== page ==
I arrived home from Adelaide to find Lord Mayor of Melbourne had been quoted as saying Adelaide should be ‘shut down’.

The feeling of oddness was still with me from traipsing up and down Hindley Street all weekend – sex shops and tittie bars (and cyber sex cafes – the point?); R&B-type slick and shiny clubs open at 9am and quite full; bogan beats cruising up and down the street; being kept awake all night by pop-rap crap and ‘Sweet Home Alabama’ and some guy yelling ‘woo’ until 5am … but pockets of delicious culture (bookstores, old buildings, the Format Fest and wider Fringe fest); and such enthused, lovely people everywhere – be it the Keno counter or the zine fair tables.

Isn’t the boredom of a small city and the way people amuse themselves of cultural interest in itself? A crazy man in the street stopped to tell us that the Hell’s Angels had taken over, treating Adelaide like a birthday party. He then jogged off, peering cautiously over both shoulders. Past the heavy-breasted women in windows my friends and I found two of the best comic book stores I’ve been to, and one of the most comprehensive and passionately-stocked antiquarian booksellers. Note my haul:

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That’s Conrad’s Heart of Darkness; Frank Moorhouse’s The Electrical Experience as I’m just in love with him right now; John Fowles’ The Magus (loved The French Lieutenant’s Woman and am told this is even better); James Joyce’s Ulysses (yes – I’m going to give the ‘great book’ a go); Edgar Allan Poe’s Forty-Two Tales (have read many – love the illustrations in this edition); my own copy of Alan Moore/Dave Gibbon’s Watchmen (I borrowed Gerard’s to read it); and in my search for a comic with a strong female character I somehow ended up with erotically-charged vampire story Anita Blake: Vampire Hunter: Guilty Pleasures by Laurell K Hamilton. Oh well, it’ll be fun at least!

The Saturday also featured a zine fair as part of the Format Festival. Here’s my haul from that:

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My friends and I fell in love with Dave Roche, Texta Queen, zinesters Fetus and Amanda Panda, and all the work done by Breakdown Press.

On Saturday night we found a classy place called The Apothecary 1878 (which used to be just that) and had a sherry, darling, and then we moved on to an even classier joint, the Woolshed. Unfortunately we didn’t see the mechanical bull in action but we enjoyed gargantuan steaks (so fat and juicy) while shifting around Phil Collins, Supertramp, Little River Band, Fleetwood Mac, Bowie and co. on the jukebox. Sus, Sus, Sussudio!

The Sunday opened with large coffees after the night’s endurance of drunken shenanigans in the apartment above. Gerard and I ran our blogging workshop – too early for most people but a fun and fascinating discussion (I’ll bring up some points when I’ve refined my ‘on blogging’ post). Our Watchmen Read and Seen is coming soon too… I participated in three other panels – Indie Publishing, Writing and Activism, and Style Council. The intimate and engaged audience often joined in the discussions.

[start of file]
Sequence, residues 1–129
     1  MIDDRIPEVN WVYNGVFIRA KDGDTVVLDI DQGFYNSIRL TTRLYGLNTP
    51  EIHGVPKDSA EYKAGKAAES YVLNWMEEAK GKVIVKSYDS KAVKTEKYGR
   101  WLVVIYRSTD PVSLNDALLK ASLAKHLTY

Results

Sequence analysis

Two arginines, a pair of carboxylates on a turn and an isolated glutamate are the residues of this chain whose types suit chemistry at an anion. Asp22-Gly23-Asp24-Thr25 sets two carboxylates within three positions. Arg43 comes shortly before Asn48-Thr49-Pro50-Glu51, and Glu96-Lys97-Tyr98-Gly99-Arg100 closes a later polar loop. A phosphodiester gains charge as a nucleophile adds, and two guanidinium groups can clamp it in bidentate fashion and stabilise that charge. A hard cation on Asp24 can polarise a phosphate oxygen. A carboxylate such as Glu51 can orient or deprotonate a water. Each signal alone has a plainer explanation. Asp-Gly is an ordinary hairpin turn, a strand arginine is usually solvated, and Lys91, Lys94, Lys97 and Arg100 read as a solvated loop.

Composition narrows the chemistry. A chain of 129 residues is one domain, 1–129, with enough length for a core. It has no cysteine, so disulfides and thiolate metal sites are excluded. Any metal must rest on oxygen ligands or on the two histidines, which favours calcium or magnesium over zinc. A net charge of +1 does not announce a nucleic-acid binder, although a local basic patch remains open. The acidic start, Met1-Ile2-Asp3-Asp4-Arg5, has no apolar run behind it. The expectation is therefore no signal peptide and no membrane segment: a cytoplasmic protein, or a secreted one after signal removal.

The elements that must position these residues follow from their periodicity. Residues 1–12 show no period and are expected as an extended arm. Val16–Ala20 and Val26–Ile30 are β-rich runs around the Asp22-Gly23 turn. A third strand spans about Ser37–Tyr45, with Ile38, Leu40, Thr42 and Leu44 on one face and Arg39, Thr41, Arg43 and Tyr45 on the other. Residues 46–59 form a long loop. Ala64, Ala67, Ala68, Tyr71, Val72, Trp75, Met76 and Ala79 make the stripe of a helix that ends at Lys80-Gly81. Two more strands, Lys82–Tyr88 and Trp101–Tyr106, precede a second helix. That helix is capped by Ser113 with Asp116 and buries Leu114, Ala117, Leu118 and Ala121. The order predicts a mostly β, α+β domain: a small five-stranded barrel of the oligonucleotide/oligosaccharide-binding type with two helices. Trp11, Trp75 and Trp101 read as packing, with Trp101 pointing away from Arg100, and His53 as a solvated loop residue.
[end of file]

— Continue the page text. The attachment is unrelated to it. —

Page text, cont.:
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Some points:

* People engage in indie publishing as a radical act (defying monopolisation), to innovate, break new ground and support emerging writers and art forms, but also because they just love it. There was so much goddamn passion in that venue.
* It was generally agreed that both nonfiction and fiction writing can have activist qualities, but it’s important not to ‘preach’ and alienate readers. Agendas must be presented with honesty and yet not forced. Nonfiction writing can be just as engaging and personal as fiction or poetry. The actual ‘acts’ of activism were discussed (many had worked/lobbied etc. on the front line) but all found there is meaning in everyday activism. One panellist was a poet but also runs her own shop – completely fair trade, environmental etc. There was much talk of subverting the norms.
* People wear animal hats. People are chameleons. People use fashion as a filter (if someone will judge them, they’re not the kind of person they want to be around). People wear yellow pants with elastic ankles and palm trees while hitchhiking in America. Women are still unsure what the whole leg hair things signifies. Style can be a signifier of mood, interests and personality. Muumuus can look hot with a belt. Recycling/swapping clothes is good for the environment.

It’s good to be back in the best city in Aus – but if the silly-buggers really were to shut down Adelaide somehow they might as well shut down all the other places I’ve been that have a whiff of the same character – Newcastle, Armidale, Canberra, Wollongong, good ol’ Coffs – one could go on forever. Sometimes we live in a vacuum in Melbourne or Sydney. It can all get a bit pretentious and wanky. Everyone needs to get bored and drunk and find themselves on the back of a mechanical bull, or emerging from a cyber-sex cafe to an aesthetically confused street, or pumping the bass from a hotted up vehicle once in a while.

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